Dr. Glotzer and her team have also published findings on the effects of COVID-19 on blood pressure and cardiac muscle function.

“Dr. Glotzer was invited to present by the Society’s senior leadership,” said Joseph E. Parrillo, M.D., chair, Heart & Vascular Hospital, Hackensack University Medical Center. “This is a wonderful indication of her standing as an expert in cardiac electrophysiology.”

“Optimizing Remote Monitoring for Atrial Fibrillation” 

As an arrhythmia specialist with an interest in the detection of atrial fibrillation, Dr. Glotzer was invited to present: “Optimizing Remote Monitoring for Atrial Fibrillation” at the Heart Rhythm Society conference in July 2021.  In this presentation, she advised cardiologists, nurses, and nurse practitioners how best to manage arrhythmias that are detected by implanted cardiac rhythm devices.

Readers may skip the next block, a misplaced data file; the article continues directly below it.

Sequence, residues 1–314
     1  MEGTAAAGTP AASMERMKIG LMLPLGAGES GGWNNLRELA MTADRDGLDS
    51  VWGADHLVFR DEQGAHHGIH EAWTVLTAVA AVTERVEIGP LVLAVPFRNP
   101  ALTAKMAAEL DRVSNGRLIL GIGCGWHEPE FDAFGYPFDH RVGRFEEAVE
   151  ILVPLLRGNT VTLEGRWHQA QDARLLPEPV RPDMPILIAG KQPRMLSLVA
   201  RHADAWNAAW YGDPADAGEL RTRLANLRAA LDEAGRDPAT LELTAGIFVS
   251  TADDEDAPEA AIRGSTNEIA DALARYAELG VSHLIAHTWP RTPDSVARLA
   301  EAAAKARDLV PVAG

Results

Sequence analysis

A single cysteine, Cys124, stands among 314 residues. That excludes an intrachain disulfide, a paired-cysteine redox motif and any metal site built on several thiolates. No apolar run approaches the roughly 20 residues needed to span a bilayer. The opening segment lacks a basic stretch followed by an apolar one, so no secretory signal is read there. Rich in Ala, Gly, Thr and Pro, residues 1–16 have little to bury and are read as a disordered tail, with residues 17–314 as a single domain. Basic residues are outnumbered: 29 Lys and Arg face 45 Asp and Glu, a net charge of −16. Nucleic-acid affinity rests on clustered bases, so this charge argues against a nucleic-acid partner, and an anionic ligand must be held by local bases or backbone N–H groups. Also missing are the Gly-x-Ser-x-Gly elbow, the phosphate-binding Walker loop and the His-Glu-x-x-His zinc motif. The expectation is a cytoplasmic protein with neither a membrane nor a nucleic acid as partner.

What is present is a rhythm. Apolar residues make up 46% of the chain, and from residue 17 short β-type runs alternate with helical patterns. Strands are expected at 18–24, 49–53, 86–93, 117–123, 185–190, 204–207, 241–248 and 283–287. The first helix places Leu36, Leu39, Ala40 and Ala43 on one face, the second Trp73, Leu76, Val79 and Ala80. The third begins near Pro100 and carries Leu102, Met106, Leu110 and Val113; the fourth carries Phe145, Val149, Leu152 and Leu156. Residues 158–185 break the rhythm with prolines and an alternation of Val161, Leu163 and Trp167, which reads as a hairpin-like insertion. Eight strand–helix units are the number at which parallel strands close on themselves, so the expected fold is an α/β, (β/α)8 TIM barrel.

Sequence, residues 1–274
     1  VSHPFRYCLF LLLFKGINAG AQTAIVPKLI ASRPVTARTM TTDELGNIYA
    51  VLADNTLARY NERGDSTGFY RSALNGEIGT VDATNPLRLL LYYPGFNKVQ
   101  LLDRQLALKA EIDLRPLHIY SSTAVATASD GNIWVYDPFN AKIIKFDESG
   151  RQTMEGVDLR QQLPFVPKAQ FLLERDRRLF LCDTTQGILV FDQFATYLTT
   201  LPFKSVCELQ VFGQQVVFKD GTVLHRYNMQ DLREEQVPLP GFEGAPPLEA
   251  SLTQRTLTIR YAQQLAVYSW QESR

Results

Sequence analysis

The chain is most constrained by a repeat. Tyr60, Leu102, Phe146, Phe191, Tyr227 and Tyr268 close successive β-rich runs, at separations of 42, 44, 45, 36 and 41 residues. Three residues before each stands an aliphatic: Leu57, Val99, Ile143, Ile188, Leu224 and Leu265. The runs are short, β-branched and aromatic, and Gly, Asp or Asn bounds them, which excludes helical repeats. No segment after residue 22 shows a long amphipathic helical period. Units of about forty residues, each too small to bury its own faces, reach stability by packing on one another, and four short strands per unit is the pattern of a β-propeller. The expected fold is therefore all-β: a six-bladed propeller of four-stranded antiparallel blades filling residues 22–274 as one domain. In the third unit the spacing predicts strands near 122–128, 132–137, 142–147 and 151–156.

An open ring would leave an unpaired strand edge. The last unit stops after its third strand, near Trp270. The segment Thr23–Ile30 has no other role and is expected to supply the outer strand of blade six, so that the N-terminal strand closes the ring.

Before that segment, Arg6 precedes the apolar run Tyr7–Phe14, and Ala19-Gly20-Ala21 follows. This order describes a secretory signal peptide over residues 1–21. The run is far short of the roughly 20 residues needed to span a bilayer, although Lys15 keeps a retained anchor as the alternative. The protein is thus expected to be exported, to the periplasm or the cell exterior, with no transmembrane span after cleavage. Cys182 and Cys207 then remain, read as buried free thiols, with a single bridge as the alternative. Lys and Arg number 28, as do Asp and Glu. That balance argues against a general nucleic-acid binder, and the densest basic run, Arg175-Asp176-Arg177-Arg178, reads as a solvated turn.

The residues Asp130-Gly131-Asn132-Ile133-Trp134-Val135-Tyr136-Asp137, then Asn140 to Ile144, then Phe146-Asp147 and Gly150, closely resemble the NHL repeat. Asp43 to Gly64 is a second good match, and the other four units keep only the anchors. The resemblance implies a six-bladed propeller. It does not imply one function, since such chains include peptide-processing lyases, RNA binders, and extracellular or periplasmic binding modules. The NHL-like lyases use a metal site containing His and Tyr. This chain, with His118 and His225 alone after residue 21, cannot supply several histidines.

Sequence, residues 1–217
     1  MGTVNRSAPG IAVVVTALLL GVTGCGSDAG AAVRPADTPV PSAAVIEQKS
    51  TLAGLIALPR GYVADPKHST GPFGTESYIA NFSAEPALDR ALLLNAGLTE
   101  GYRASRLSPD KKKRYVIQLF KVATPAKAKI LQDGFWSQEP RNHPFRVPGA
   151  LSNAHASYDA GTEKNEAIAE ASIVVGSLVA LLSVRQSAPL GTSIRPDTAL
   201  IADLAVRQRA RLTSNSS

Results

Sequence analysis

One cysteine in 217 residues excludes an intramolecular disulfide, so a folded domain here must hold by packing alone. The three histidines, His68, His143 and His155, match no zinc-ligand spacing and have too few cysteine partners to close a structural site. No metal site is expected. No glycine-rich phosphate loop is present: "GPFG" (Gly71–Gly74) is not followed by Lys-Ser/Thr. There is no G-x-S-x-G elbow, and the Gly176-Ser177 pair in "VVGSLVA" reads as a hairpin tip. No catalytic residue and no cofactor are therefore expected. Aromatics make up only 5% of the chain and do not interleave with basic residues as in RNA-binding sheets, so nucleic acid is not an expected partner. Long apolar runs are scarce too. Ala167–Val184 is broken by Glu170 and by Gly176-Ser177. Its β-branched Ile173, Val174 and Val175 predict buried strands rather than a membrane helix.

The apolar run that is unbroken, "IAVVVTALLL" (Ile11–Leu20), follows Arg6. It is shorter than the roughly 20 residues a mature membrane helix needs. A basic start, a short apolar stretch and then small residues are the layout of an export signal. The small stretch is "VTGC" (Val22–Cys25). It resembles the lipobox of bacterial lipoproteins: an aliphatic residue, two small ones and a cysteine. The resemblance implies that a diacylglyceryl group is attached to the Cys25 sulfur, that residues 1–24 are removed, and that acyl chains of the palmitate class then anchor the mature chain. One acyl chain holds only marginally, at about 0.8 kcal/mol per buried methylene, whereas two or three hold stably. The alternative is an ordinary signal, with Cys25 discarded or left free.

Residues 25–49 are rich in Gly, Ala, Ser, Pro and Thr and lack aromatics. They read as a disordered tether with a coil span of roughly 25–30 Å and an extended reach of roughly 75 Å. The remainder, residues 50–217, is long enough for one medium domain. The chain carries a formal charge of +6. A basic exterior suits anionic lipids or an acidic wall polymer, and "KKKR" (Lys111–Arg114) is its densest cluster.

“Cardiac arrhythmias occur when the heart beats irregularly, too fast, or too slowly”, said Dr. Glotzer.  “Patients who have cardiac implanted electronic devices such as pacemakers or defibrillators have an advantage because these devices can detect silent arrhythmias before they cause symptoms.”